This is an archival copy of the Visualization Group's web page 1998 to 2017. For current information, please vist our group's new web page.

Visualization of Lattice Gauge QCD Simulations at NERSC

The following technical information was copied from Greg Kilcup's Lattice Gauge Theory web page at Ohio State University:

This is a visualization of some of the first data to come off the new 128-node Cray T3E recently installed at NERSC (circa 1997). The still frames below show part of an eigenmode of the Dirac operator. Since we work in four dimensions the full structure cannot be shown in one picture; these images show single three dimensional slices. If your browser is Java-capable, click on one of the images below to animate the frames and see the full four-dimensional object as we loop over the supressed dimension.

Lattice QCD is the subfield of particle theory which attempts to solve QCD problems by approximating spacetime with a discrete grid. Once they are put on a grid, these problems can be attacked by a variety of means, most often involving numerical methods on (super-)computers. The approach was invented by OSU's own Ken Wilson in 1974, and has since evolved in to major discipline within particle physics. The OSU group is currently involved with several large-scale numerical simulations aimed at understanding strong and weak interaction properties of heavy and light quarks. Among these is the collaboration which has recently (Feb 1997) been named one of the Department of Energy Grand Challenges.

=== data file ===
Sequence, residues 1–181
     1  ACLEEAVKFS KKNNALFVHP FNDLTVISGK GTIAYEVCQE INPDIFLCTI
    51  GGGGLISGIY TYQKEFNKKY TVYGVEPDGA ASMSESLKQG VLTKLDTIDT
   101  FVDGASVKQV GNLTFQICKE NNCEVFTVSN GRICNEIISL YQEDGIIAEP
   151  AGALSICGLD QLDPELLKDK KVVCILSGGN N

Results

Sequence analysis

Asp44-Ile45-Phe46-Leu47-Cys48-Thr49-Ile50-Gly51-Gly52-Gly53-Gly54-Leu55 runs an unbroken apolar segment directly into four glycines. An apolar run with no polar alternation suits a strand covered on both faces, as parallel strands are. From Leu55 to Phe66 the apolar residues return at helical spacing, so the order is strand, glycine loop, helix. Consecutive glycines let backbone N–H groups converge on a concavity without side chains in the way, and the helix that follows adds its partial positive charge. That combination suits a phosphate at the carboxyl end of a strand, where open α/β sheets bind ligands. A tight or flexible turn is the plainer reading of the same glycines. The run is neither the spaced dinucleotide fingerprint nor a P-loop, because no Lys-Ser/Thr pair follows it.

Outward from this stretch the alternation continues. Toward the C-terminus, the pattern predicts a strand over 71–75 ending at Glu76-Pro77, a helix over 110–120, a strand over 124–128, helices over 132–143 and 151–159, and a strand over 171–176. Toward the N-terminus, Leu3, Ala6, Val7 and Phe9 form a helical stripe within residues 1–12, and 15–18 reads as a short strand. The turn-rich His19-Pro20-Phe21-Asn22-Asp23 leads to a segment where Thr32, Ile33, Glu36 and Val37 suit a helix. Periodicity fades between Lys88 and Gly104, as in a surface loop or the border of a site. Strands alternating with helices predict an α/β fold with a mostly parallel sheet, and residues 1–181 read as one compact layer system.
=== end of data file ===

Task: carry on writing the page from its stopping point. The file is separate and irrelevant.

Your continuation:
We use the simple Wilson plaquette action on a 32*32*32*64 lattice, with beta=6.4, and staggered quarks. The boundaries are periodic in each of the four dimensions. The configuration was cooled slightly (20 steps) to erase short-distance fluctuations. We used inverse iteration to converge to the eigenvector with the smallest eigenvalue. More precisely, we have isolated an eigenvector of Dslash-squared. It is a linear combination of the pair of related lowest eigenvectors of Dslash (with eigenvalues lambda and -lambda). The fact that the eigenmode is localized is interesting. (Higher modes would look like uniform uninteresting planewaves.) Though we have not yet checked explicitly, we expect that the eigenmode is "pinned" on top of instantons, topologically nontrivial knots in the underlying gauge field. These localized modes are a special feature of non-Abelian gauge theories, and are part of what makes QCD so hard to solve. Ultimately, the size and shape of such eigenmodes is believed to be responsible for basic properties of matter, such as the the size and mass of the proton.